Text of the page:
Pine is high in volatile oils (as are most conifers). This is one of the many reasons that forest bathing is so beneficial for humans. Those anti-inflammatory volatile oils are present in the air, and simply breathing in a forest full of them is enough. That is original aromatherapy right there!
Pine contains antiseptic compounds called monoterpenes. These monoterpenes are antibacterial and antifungal, and are one of the reasons that pine has a history of use as a wash for fungal and other skin infections. In addition to that particular chemical, pine is rich in a host of other constituents. It contains tannins, resins, essential oils, terpenes and a chemical called pinipricin.
In herbalism, we tend to talk about herbs in terms of actions. Some of the actions that pine has are:
We can then take those actions and see how they line up with traditional use. Pine has been shown to be effective in bronchitis, sinusitis, and upper respiratory catarrh (coughs and colds). An expectorant that helps to bring up phlegm and mucus residing in the lungs and other mucous membranes of the respiratory tract would be helpful in that. To that end, I like to add pine to my homemade cough syrups and also make a chest rub with the resin.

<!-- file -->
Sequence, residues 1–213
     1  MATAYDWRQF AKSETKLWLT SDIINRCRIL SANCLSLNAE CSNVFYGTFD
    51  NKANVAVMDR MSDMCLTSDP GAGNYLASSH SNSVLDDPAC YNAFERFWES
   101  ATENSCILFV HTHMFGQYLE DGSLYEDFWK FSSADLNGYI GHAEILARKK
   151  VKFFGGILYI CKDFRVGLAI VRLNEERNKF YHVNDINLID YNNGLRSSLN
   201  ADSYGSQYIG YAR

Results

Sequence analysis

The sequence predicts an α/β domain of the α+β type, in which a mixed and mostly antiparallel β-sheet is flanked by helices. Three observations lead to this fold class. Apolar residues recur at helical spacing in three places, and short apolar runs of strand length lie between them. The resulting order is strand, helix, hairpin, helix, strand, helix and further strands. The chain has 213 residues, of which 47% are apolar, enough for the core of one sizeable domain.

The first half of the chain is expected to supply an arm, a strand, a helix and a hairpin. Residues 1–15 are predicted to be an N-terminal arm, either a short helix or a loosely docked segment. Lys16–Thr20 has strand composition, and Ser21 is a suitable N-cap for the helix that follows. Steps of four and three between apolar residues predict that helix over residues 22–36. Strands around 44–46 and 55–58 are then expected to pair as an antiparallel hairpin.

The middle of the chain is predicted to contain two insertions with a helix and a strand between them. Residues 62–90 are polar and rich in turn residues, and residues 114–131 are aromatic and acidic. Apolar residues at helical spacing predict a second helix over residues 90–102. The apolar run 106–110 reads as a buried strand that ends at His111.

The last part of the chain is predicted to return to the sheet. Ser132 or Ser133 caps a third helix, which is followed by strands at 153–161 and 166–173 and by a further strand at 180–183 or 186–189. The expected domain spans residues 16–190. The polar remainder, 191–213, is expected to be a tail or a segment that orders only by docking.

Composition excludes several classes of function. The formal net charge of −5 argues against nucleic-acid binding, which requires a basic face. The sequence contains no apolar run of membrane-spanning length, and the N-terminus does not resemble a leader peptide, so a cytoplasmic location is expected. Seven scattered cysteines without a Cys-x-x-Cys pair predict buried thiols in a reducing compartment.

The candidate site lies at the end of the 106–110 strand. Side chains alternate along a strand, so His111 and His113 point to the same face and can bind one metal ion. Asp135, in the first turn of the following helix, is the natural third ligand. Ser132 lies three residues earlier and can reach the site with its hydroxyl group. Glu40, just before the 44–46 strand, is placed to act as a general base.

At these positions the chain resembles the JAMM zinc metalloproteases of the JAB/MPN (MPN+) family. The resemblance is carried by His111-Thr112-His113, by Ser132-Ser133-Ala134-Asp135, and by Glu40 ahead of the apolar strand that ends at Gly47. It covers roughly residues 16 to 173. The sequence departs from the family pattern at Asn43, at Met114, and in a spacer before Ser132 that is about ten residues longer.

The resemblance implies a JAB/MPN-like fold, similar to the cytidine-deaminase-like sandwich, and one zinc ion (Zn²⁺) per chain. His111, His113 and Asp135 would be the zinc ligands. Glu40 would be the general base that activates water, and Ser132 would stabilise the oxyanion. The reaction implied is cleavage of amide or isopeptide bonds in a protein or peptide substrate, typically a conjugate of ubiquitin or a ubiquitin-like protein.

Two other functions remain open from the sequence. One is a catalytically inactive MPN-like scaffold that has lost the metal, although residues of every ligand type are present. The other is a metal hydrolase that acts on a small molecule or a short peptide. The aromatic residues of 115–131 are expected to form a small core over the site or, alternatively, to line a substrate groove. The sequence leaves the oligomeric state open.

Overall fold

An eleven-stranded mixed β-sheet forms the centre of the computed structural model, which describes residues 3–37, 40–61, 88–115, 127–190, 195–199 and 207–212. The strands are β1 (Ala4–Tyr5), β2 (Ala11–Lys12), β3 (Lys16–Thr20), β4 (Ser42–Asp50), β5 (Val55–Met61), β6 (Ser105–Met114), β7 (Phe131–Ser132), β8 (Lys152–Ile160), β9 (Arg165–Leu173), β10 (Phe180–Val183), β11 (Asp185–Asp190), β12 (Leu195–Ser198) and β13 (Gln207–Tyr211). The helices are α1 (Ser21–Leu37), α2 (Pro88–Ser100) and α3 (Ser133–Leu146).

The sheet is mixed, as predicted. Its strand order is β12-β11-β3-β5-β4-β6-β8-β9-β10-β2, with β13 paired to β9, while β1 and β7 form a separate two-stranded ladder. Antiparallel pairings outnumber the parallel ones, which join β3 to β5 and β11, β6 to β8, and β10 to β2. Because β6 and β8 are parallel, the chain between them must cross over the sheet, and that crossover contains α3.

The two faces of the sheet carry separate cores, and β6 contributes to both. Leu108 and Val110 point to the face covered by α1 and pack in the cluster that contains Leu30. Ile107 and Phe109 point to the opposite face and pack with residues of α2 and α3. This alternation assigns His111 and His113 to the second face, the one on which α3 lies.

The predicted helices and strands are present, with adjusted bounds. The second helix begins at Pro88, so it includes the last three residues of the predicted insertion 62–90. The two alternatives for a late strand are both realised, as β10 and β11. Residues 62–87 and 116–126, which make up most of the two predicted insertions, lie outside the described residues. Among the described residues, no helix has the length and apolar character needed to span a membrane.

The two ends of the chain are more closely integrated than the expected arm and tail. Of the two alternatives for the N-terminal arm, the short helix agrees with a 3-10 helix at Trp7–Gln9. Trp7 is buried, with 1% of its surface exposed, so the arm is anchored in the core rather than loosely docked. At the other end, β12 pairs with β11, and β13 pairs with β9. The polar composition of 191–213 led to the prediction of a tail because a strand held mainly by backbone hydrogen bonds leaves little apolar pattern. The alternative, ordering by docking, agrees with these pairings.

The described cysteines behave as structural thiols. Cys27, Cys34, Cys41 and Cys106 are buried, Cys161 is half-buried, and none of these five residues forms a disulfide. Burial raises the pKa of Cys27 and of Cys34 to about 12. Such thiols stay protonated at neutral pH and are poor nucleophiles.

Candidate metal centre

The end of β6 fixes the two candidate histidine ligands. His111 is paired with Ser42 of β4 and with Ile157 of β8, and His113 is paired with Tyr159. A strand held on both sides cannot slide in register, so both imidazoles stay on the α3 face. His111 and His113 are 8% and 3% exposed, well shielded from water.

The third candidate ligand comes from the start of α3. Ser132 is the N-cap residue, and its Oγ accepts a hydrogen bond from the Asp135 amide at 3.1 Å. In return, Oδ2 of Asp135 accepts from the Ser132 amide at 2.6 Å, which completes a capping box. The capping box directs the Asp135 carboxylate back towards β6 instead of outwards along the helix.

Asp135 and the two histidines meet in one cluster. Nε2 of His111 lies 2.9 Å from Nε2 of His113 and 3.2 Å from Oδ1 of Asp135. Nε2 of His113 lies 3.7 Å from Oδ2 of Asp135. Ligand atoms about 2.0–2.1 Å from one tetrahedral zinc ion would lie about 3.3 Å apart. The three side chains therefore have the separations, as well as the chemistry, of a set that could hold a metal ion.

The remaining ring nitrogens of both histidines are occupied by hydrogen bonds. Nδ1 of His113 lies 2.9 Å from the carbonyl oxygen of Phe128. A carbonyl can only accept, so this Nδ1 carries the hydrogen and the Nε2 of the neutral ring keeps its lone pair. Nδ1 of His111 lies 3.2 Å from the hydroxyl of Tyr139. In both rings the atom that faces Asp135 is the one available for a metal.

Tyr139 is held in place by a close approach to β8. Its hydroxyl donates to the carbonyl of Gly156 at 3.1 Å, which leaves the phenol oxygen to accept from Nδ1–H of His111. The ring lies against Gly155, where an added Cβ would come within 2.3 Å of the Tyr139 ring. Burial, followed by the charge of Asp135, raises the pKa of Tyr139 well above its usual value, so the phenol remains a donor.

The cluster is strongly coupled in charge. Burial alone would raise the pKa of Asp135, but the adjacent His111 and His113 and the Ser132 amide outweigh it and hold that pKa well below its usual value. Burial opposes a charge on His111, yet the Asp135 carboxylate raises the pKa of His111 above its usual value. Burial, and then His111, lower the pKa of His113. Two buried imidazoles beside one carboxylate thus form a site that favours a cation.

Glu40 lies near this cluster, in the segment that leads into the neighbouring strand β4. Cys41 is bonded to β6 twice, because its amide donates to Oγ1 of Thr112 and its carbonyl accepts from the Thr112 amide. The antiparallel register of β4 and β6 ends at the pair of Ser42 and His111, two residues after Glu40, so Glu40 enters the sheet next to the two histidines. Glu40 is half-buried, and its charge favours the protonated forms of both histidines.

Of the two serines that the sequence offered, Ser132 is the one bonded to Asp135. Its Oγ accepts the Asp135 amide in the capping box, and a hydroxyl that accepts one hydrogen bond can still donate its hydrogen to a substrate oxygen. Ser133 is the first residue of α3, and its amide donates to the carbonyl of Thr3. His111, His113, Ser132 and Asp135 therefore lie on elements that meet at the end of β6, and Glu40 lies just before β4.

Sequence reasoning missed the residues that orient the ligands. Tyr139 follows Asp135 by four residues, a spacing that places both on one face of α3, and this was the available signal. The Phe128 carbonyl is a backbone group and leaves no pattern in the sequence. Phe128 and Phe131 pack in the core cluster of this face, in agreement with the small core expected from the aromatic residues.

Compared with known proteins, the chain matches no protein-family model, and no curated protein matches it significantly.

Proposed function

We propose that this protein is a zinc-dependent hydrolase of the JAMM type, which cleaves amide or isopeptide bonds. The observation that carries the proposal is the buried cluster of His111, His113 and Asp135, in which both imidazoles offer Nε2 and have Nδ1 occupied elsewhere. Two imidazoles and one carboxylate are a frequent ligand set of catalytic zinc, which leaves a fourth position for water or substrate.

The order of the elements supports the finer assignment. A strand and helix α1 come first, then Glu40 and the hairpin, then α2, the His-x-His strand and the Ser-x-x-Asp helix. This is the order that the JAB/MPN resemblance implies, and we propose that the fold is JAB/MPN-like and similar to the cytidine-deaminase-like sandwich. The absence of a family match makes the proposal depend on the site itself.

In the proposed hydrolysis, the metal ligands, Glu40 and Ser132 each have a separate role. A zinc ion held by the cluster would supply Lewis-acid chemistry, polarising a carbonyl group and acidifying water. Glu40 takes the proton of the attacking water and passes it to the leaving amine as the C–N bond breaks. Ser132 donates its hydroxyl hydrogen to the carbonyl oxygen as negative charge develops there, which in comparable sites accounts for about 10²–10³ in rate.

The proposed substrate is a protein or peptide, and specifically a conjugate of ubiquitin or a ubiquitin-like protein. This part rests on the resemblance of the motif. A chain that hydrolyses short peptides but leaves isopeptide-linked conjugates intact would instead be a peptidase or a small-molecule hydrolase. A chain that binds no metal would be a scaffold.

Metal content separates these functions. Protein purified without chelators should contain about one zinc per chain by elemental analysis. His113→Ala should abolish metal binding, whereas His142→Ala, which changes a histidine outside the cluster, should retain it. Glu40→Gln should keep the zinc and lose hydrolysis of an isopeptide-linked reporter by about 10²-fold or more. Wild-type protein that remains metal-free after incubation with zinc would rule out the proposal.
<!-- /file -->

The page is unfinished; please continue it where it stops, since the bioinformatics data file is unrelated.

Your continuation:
The antiseptic properties have been effective at keeping cuts, skin irritations and the infections mentioned above from getting worse. I like to use pine resin mostly for infections, and I find it to be effective not only externally but internally as well especially for upper respiratory infection.
Pine has also been used for conditions like rheumatism and arthritis. I don’t have either of these conditions, but I have observed that when pine infused oil or salve is rubbed onto skin, that the area turns red. That redness is due to increased blood flow to the area (that herbal action is referred to as rubefacient), and increased blood flow can decrease pain in swollen and achy joints.
Next up on the blog is a compilation of recipes that include pine. I’ll be including basics and ways to use them, and also some recipes that build on those basic recipes. I’m excited to get more active and share more of my experience here, so give us a follow to keep up to date if you haven’t already. I also share some over on Instagram, and I see the Facebook page as a clearinghouse for all else, plus a space to share the work of other herbalists, wildcrafters, chefs and professionals in the health and wellness sphere.
Moerman, Daniel E. Native American Ethnobotany
Ganora, Lisa Herbal Constituents
Hoffman, David The New Holistic Herbal